In all of these, advances in electronics and in particular semiconductors and sensing are enablers to overcome challenges faced by design engineers. For example, in the automotive sector, wide band gap semiconductors are supporting better and faster charging and more efficient power systems to lower barriers to EV acceptance and adoption, and move us away from fossil fuel burning vehicles more quickly. In renewable energy, similar technology is supporting more effective and efficient solar PV systems and enabling practical solutions in areas like battery energy storage (BES). In the medical sector, there has been a revolution in remote healthcare – likely accelerated by COVID lockdowns. Here, miniaturised ultra-low power electronics, clever sensing and dependable connectivity allow better care with independence for patients with different conditions that need monitoring and managing.

Deep tech and big tech coming together to shape worldwide trends

Deep tech and big tech are interdependent and together drive the megatrends. Electronics, sensing, and industrial motion control are intrinsic to the four big tech umbrella focuses of connectivity / big data, AI, VR/AR, and advanced manufacturing. All hardware associated with these areas is typically packed with and enabled by state-of-art electronic circuitry and sensors, and in the case of advanced manufacturing, solutions to support movement and actuation.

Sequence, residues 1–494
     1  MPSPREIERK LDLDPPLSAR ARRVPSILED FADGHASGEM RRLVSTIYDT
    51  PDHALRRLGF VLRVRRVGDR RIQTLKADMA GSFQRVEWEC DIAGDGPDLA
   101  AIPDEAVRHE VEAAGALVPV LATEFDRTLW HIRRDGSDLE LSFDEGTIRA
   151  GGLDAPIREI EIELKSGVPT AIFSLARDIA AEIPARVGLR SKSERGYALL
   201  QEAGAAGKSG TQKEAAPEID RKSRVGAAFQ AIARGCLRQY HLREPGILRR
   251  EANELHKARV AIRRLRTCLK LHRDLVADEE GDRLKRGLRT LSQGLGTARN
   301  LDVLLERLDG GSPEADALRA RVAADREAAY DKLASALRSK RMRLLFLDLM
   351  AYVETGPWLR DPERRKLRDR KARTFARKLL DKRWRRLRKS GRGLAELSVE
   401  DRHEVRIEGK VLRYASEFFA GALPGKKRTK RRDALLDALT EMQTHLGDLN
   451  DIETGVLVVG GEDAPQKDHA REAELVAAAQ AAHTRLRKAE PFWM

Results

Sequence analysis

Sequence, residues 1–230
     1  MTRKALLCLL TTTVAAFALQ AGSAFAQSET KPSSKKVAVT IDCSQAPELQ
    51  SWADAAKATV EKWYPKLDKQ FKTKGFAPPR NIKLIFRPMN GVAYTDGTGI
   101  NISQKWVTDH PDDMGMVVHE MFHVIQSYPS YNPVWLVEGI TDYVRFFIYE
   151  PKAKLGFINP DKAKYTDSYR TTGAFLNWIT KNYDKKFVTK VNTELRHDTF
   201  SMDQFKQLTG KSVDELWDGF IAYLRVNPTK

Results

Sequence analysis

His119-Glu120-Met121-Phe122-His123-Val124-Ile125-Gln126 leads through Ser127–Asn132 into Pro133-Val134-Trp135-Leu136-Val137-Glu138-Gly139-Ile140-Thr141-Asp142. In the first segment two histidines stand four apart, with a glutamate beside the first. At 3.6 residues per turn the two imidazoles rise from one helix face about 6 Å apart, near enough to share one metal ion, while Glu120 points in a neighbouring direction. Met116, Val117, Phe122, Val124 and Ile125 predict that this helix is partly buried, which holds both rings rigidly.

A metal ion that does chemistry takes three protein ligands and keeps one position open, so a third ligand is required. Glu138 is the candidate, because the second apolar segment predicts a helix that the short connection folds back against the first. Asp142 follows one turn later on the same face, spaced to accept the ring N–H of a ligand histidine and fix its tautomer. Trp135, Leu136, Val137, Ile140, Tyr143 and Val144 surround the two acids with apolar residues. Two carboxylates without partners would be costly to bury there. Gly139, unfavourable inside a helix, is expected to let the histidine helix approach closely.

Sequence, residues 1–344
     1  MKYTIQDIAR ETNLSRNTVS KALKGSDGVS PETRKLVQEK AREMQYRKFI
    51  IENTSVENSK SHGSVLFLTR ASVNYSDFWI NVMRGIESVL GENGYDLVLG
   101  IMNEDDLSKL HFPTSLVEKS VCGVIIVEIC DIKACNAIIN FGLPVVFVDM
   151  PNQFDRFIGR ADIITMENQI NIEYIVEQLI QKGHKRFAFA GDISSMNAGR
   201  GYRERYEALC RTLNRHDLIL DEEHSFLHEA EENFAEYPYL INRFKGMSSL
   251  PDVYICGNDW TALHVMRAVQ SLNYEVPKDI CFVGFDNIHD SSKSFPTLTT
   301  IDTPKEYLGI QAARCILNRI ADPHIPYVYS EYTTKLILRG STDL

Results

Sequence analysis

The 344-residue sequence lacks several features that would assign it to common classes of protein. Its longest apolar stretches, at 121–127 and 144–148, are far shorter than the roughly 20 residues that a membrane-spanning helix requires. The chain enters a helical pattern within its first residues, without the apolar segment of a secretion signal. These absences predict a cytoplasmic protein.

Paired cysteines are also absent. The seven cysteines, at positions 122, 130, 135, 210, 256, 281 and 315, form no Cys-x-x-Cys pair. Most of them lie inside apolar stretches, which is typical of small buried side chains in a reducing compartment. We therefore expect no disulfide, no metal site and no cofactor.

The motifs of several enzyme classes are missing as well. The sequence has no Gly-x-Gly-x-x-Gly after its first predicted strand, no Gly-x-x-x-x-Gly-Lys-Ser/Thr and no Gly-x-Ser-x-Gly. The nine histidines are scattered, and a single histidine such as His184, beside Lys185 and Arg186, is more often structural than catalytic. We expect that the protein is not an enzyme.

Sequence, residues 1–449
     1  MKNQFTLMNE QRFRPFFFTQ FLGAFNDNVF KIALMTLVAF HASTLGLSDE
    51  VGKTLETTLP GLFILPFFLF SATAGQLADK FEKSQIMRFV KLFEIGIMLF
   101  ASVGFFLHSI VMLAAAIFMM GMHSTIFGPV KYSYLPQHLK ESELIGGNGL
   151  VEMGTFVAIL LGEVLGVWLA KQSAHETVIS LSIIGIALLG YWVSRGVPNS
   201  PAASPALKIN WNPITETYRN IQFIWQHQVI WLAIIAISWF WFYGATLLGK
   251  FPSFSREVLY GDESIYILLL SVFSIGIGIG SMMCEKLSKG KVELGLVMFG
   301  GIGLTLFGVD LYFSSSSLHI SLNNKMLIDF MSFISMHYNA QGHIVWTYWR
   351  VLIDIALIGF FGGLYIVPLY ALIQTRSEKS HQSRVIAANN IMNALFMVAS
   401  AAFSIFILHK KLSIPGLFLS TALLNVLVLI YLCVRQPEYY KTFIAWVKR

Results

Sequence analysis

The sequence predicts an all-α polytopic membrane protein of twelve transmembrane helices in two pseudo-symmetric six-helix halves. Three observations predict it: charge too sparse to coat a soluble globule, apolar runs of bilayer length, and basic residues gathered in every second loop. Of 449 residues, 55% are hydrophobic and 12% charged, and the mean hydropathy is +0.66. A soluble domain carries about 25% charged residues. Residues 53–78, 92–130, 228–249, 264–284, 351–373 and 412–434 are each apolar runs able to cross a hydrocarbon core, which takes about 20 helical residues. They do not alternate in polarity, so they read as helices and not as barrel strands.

To give some examples in the various fast-moving sectors, as well as moving to electrified powertrains, cars are now becoming deeply connected with other vehicles and road infrastructure, leading us towards fully autonomous driving. A huge amount of data is being generated, processed and stored to support the concept of connected vehicles and the push towards them being driverless.

In the renewable energy market, data gathered by remote sensors on a wind farm or solar farm installation must be transmitted, held in the cloud, and used for processes such as remote predictive maintenance to ensure maximum up-time, efficiency, and cost-effectiveness. Also in this sector, AR and VR can usefully be employed for training and simulation, again without the need to travel to often hard or dangerous to access installation locations.

Finally, healthcare again leans on connectivity and data to allow medical practitioners to monitor patients without the need to travel for face-to-face consultations. We are also starting to see complex procedures taking place remotely with the surgeon’s movements replicated by a robot in an operating theatre in another city or country. This requires an incredible fusion of deep tech in the form of electronics, sensing, and motion control with all the areas encapsulated by big tech and Industry 4.0.

What does the future have in store?

The fusion of deep tech and big tech can be the driver for exciting innovation and invention under the umbrella of the Fourth Industrial Revolution. Advancement at an even faster pace than we’ve seen in the last 20 or so years is possible and can give us solutions in important areas that are better for us as humans and, at the same time, address pressing concerns around the environment and sustainability.